This doesn’t fall squarely on the shoulders of the players though – as the DM/GM, you should also hone your skills at describing things to the players. You should be giving them clues as to what they should look for or what parts of their environment are different from the others or special in some way. This will let the players know that they should be looking at those areas more carefully. Sometimes they will find things and sometimes they won’t.

Meta-gaming Skill Checks 

Here is an example from my D&D 5e game last week. The party is in a temple and have entered a room with several sarcophagi. At each end of the 4 sarcophagi are skeletons – each holding an ornate (gold and jewel encrusted) mace. The maces are probably ceremonial in nature and probably worth a lot of money. I described the scene to the players and their PCs walked into the room ready for the skeletons to animate. As they did so, the skeletons did, indeed, animate and a previously unseen skeleton arose from the sarcophagus in the middle of the room. This one was obviously the boss and was also holding an ornate mace. As it stood up it pointed to the PCs and the skeletons attacked. The PCs made short work of the skeletons.

At the end of the battle PC1 searched the inside of the sarcophagus in the middle of a room (from which the boss skeleton arose). The player rolled a 3 on his perception check to search. The player of PC2 saw the roll and said, “Can I search the sarcophagus too?” and I said no. This is the same reason I don’t allow two different PCs to listen at the door – now, I should clarify – if they both say they want to listen or search or whatever before anyone rolls then I let them all do it. If they say they want to search after a low roll, then I say no. The difference seems slight but is important to me.

Here is what I said to my players after after the game yesterday. If PC1 had sighed exasperatingly and said, in character, “I can’t believe this! This is the main skeleton’s tomb, but there is nothing here! I can’t believe it… Liam, help me search for secret compartments.” Or something of the sort, then I would have let the player of PC2 (named Liam) roll a perception check if Liam responded to PC1 that he also thought it strange that nothing special was in the tomb. In that way, the roll would be connected to role-playing and the personality/thoughts of the PCs instead of a meta-game decision that someone else should search because the player of PC1 rolled a 3 instead of a 15. But won’t they do that every time now? Maybe, but chances are that they won’t – it will get old way too fast for them to use it as a crutch.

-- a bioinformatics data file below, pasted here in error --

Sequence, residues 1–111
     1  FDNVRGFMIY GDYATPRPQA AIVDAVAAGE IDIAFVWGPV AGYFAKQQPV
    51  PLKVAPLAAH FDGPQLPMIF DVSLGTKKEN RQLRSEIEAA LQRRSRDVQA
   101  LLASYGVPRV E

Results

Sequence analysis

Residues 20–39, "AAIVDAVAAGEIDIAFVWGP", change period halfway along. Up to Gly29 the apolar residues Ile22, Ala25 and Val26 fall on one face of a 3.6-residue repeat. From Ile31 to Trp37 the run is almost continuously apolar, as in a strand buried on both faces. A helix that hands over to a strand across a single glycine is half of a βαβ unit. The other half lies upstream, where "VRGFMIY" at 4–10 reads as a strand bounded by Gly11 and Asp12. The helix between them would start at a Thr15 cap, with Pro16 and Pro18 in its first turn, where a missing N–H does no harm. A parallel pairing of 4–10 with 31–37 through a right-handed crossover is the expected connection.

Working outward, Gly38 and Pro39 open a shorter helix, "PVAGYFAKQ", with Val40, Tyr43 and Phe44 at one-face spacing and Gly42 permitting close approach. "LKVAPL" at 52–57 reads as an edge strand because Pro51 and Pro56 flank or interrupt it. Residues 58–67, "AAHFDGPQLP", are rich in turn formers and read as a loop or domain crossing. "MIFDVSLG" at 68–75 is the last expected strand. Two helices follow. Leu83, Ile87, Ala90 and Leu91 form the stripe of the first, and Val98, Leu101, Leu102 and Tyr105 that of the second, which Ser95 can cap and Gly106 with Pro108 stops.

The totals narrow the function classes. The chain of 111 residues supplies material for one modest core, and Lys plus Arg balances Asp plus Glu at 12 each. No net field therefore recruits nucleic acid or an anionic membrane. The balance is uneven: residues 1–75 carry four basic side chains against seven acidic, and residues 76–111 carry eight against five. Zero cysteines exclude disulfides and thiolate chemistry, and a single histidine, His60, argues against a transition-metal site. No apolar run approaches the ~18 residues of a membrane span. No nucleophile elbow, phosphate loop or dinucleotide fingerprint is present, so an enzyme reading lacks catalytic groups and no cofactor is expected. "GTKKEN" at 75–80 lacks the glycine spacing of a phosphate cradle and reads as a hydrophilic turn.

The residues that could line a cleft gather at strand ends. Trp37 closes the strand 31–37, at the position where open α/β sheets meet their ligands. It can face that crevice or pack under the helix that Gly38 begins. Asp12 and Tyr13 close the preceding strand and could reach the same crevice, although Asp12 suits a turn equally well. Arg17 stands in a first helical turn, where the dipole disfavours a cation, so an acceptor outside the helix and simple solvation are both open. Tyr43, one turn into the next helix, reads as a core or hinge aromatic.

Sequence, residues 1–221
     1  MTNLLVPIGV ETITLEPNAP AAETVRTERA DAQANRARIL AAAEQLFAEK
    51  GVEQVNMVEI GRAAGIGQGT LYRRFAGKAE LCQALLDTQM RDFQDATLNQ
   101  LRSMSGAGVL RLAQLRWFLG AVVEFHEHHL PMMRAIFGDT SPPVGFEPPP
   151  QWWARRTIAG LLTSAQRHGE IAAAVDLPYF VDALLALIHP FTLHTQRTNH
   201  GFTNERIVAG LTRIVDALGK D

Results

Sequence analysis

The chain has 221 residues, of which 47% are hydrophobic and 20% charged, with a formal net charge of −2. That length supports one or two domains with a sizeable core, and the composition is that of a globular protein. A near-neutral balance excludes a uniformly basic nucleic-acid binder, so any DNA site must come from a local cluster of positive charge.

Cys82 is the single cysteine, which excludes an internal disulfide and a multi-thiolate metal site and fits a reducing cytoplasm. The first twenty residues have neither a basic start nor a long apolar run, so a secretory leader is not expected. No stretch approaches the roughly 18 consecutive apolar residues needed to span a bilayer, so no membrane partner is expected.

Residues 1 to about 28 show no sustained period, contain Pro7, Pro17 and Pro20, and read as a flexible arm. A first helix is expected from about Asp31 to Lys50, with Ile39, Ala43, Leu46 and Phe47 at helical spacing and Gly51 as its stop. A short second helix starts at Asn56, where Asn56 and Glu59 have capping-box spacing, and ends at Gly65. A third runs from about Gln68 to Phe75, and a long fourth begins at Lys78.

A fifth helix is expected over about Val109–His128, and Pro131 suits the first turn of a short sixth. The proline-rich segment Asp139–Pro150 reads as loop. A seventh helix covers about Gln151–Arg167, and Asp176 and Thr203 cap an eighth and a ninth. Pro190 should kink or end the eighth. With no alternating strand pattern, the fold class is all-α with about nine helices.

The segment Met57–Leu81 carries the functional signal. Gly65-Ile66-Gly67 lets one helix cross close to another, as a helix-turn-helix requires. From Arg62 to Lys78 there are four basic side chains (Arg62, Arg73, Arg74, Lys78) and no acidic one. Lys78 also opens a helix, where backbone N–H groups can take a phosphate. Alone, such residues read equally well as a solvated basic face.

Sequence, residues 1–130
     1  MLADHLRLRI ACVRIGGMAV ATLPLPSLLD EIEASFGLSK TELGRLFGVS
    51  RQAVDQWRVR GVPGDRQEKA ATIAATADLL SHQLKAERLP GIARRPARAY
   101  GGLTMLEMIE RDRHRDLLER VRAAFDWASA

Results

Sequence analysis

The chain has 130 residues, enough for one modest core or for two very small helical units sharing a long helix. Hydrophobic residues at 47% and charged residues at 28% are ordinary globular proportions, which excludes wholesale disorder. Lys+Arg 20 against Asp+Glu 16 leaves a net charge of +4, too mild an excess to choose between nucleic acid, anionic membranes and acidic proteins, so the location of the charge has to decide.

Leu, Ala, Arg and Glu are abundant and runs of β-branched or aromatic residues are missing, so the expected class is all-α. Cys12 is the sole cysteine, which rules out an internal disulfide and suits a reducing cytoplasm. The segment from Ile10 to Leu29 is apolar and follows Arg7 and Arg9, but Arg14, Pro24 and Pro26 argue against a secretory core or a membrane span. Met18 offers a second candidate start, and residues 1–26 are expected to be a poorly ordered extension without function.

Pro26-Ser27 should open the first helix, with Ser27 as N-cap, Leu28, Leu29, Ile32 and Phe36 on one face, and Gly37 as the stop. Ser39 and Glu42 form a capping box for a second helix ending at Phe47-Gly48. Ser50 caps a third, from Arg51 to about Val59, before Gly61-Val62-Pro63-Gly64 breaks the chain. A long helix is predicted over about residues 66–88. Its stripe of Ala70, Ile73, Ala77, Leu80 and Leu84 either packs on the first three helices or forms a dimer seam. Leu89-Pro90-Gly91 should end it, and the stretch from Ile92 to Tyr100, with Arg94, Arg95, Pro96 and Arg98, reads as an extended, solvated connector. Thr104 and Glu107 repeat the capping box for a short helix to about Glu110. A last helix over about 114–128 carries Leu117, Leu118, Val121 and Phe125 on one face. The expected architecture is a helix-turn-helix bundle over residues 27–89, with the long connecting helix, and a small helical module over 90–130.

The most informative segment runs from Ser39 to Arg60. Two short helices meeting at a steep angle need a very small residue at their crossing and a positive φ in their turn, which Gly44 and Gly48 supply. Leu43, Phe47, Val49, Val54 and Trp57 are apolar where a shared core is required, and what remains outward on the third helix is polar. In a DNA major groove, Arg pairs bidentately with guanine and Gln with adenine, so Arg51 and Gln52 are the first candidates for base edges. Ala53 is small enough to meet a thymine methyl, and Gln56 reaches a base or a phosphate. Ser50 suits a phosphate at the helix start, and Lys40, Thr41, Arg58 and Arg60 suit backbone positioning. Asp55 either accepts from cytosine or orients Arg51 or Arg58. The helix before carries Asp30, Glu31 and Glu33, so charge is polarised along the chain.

Passive Skill Use

Note that, until now, I have not mentioned passive skill checks in any part of this post. The simple reason for that is I don’t like them very much. My players like to roll dice and I like to roll dice and we roll right out in the open where everyone can see and participate in the drama brought on by the roll. I won’t say I never use passive skill checks, but it is very rare at my table. While I do not address them in this post, I do know that the answer to these questions, at least for some DMs/GMs, is to use passive skills to resolve the issue. That’s awesome if it works for you and I am not suggesting it’s the wrong way to do things. I just don’t do it at my table.

Passive perception is for the DM to use when the PCs are not actively looking for something – their passive score tells the DM whether or not they see/hear/smell/sense something. Walking by a secret door when they did not actively search that wall – does anyone notice? A small hidden compartment at the bottom of the drawer – does the PC emptying the drawer of its jewelry notice the compartment if he didn’t actively search the drawer? This is what passive perception is used for. I would call for a roll from the players, but some DMs would just use the passive scores. Different strokes for different folks and all that…

I hope you have enjoyed this article. Let me know how you use skills in your game. Do you have a situation in which my way of doing it wouldn’t work? Tell me about it in the comments.

Until next time, I wish you good gaming.



DM Samuel is the Editor-in-Chief here at RPG Musings as well as the podcast editor for The Tome Show. He is also a host of the gaming podcast Play on Target. He plays all manner of role-playing games and boardgames and continues to learn new games all the time (and new things about old games, too). Sam lives in Upstate New York with his wife and their game collection. You can follow him on twitter @DMSamuel.

8 Responses to “Meta-Gaming the Skill Check”

  • One situation where I really like the Passive perception scores is when monsters(or PCs) hide in combat. They roll stealth, and if it beats a PC’s passive perception, that player starts his turn not knowing where the creature is.

  • Since gaming by internet (g+ hangout and roll20), as DM i decided to completely remove all skill AND saving throws from the player. I’ve set up a macro in roll20 that rolls all skills or all savingthrow for my whole group in ONE CLICK. I glance at the results only i can see and give them my description. The advantages i get from rolling for my players :they absolutely cannot metagame any result and i gain an appreciable amount of gametime NOT waiting after players fishing their bonuses from their sheet. It keeps them in the game. They are not stopping to gaze at their sheet where the inevitable player who just cannot remember ANYTHING takes a bajillion precious seconds of gaming. (sorry for the rant, but it just irks me). So yeah, i did see the benefit with my current players and it keeps the gaming flowing rather than stopping for making someone roll. Oh, a few suggestions comes to mind for face-to-face players. First, always ask who else is doing what before making any skill rolls. That should at least determine who is searching what, so you don’t get the usual “can i search now?” after a fluffed roll. Second, to make things harder for the metagaming, have the players roll 2 to 3 d20s and you decide beforehand which die is the real result. Or just go my route and roll the dice in secret.